Re-imagining Shakespeare is not a new concept. Just recently, the Dartmouth College Department of Theater reimagined Romeo and Juliet as a more experimental production, setting it in a rehearsal studio and using video cameras to record the action, so that the audience watches the actors both on stage and on monitors and a large video screen. Peter Hackett, the director of the winter main stage, wanted to highlight the less-obvious more salient aspects that are not as often explored in a traditional Shakespearean manner. Challenging the conventional view, Hackett wanted the audience to ponder and be critical of what was being presented to them on stage. “It forces you as an audience not to sit back and have your expectations met. … I hope the effect is that it makes you listen to what is being said,” Hackett said.
In Mobile Carnival Theatre Company’s reimagining of Shakespeare’s The Merchant of Venice, director Brent Murrill, like Dartmouth theater director Peter Hackett, reimagined Shakespeare’s traditional setting in a more contemporary fixture.
Bassanio’s sexuality can be examined and scrutinized despite his seemingly heteronormative actions and intentions. The homoerotic undertone of Antonio and Bassanio’s relationship is easily discussed by analyzing the dedication and declarations of love by Antonio because he does not have a heterosexual romantic relationship to counteract against his love for Bassanio. Bassanio’s commitment to Portia, however, does not dictate his sexuality or establish his heterosexuality. Remembering that Bassanio’s relationships take place during a time when homosexuality is a sin and a punishable crime, the audience can translate Bassanio’s actions as the actions of one who is assumed heterosexual by societal default. His attraction to Portia is not being dismissed just because he is not heterosexual. Instead, modern audiences can discuss the idea of bisexuality or a fluid sexuality. Continue reading
‘The Three Caskets’: The Merchant Of Venice, Act III, Scene II. Robert Alexander Hillingford. Oil on Canvas.
The will of Portia’s father immediately surfaces as the central obstacle to the comedic plot-line of The Merchant of Venice. It is a clear example of a patriarch’s legal posthumous authority. Portia’s role as the central female protagonist leads most critics to focus on the restrictions that the will sets on her freedom. Much less discussed is the will’s control over Portia’s numerous male suitors.
Is Portia the hero of The Merchant of Venice? Can a woman considered a hero at all? Can Portia even be viewed positively? Julie Hankey, in the essay Victorian Portias: Shakespeare’s Borderline Heroine, reviews how the reception and subsequent performance of Portia evolved through the Victorian era from a disparaged, under appreciated woman to a valued and celebrated character.
The trial scene in The Merchant of Venice, I believe, distinctly mirrors one of Plato’s earlier dialogues, Crito, in regards to initial plotline, character relationships, and the puzzle of civic ethics raised. In Crito, Plato presents a hypothetical dialogue between Socrates, who is in prison awaiting execution, and his friend Crito, who, trying to convince Socrates to escape, offers three justifications for evading the Athenian court’s verdict. In The Merchant of Venice, Bassanio and Antonio’s other friends are akin to Crito, and Antonio, whom Bassanio describes as “one in whom the ancient Roman honor more appears than any that draws breath in Italy” (III.2.306-308), echoes Socrates. Continue reading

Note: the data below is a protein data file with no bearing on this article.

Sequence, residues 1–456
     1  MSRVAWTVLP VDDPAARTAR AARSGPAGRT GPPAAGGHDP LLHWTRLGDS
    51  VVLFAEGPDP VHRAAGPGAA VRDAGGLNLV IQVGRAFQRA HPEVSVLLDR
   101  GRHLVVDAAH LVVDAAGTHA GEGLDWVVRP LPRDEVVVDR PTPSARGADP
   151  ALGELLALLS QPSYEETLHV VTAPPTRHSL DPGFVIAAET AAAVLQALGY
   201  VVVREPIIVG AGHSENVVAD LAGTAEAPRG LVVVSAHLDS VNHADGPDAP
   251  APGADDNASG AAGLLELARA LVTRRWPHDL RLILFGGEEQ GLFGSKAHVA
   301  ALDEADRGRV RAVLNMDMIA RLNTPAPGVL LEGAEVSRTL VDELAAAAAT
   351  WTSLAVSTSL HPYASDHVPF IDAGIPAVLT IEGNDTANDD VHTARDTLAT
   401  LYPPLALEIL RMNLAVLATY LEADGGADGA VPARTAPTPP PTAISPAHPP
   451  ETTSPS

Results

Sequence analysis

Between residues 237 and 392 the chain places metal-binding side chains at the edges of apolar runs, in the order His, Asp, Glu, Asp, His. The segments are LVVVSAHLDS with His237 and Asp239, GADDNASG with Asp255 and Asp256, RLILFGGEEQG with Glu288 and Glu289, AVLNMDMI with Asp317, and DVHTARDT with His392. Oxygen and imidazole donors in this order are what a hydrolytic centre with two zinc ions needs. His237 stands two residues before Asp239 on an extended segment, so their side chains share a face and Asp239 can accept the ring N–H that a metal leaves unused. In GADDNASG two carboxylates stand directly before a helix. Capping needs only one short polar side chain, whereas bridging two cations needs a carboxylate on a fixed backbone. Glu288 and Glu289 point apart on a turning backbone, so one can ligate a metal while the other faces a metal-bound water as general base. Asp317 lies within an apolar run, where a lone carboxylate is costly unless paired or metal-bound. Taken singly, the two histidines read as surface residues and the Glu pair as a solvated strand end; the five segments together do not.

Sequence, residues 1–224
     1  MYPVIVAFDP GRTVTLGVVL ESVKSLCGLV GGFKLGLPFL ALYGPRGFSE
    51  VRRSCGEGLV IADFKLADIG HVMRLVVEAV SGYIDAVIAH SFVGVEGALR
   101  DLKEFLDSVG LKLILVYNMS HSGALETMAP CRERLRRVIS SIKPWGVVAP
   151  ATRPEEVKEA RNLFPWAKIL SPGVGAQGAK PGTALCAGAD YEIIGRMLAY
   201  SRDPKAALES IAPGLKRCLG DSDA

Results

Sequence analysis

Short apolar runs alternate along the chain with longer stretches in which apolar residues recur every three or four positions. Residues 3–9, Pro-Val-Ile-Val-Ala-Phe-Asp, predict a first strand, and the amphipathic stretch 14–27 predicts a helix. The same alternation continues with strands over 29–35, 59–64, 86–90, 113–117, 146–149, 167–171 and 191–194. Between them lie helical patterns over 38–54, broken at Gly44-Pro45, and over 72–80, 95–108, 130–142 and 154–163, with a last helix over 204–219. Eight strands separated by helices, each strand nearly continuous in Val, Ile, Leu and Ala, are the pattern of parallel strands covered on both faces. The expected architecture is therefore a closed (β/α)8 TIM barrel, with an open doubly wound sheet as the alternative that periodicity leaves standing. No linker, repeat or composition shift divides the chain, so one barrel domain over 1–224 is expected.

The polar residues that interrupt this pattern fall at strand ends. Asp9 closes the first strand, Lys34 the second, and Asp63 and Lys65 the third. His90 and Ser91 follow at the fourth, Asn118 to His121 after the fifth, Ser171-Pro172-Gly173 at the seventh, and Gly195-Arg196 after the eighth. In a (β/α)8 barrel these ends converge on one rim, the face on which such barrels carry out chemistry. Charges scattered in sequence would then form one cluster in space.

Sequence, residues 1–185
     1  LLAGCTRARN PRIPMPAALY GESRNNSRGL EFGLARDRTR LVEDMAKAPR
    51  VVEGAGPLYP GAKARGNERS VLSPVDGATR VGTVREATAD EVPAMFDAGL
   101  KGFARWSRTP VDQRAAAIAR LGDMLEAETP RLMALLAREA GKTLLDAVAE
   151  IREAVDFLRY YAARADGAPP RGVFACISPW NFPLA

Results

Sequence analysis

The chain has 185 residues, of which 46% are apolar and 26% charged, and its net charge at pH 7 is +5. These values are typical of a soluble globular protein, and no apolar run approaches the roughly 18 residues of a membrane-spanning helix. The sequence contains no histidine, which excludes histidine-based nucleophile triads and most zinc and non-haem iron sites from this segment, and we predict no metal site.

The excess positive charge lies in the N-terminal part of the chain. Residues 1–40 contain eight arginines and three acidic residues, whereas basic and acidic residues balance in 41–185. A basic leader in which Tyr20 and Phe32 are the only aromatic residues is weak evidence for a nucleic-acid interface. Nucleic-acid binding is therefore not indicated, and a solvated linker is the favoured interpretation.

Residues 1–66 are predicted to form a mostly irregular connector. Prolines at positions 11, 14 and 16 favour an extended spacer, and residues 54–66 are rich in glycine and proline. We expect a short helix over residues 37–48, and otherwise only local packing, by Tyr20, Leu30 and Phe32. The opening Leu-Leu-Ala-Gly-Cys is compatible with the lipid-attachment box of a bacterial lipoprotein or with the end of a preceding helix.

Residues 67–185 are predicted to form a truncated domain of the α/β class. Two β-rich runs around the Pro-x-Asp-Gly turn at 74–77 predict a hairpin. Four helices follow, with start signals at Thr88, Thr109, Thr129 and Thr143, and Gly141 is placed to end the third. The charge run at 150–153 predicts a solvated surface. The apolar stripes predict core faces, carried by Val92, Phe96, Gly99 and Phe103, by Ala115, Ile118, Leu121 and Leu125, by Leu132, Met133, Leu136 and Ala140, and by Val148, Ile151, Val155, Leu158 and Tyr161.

June 7th 1594—ten years before the first performance of The Merchant of Venice. Dr. Rodrigo Lopez, who some suspect inspired the character of Shylock, awaits his execution. His formal charge is treason against the Queen—attempt to poison, supposedly. His second, more subjective charge is obvious to the angry crowd delighting in his death. Lopez probably didn’t attempt to kill Queen Elizabeth; he did, however, convert from Judaism to Christianity—neither of which the public believes. The crowd and court ignore his pleads of innocence on both religious and criminal charges. Continue reading
Art is a reflection of reality, and so it must also be true that art is a mode for the production of reality’s darker features of racism, intolerance and prejudice. “The Merchant of Venice” and the characterization of Shylock reminds us all of the darker truths of the Elizabethan era, praised for its contributions to the arts that were built upon the foundations of lingering social conflicts and hierarchical supremacies. That Shakespeare constructed a villain in a very specific religious and racial group stands alone as a evidence to the existing social divides in Elizabethan England. That he did so after knowing few, if any, Jewish people at all is telling of a darker and more striking truth about the basis of prejudice that has remained present in the play throughout history. Continue reading
It is difficult to know whether it was Shakespeare’s intent to make his character Shylock in The Merchant of Venice a sympathetic character or a Jewish villain to satisfy an anti-Semitic audience. Clues to this debate can be gathered if we carefully consider Shakespeare’s treatment of Shylock in the courtroom. A conflict of mercy vs. vengeance and between the spirit and letter of the law become apparent in the courtroom scene of Act IV. Mercy is a central theme to both Christianity and Judaism and is used by Shakespeare to make larger claims about such religions. Continue reading
by Maurycy Gottlieb in 1876; hosted on https://en.wikipedia.org/wiki/Maurycy_Gottlieb#/media/File:Shylock_e_jessica.jpeg
What do I mean when I call you “gentle”? Is it out of affection, because you are courteous and polite? Do I consider you a person of distinction? Or am I reflecting on the character of your birth?
And if I am, is it in derision, praise or with the intent of reinventing you?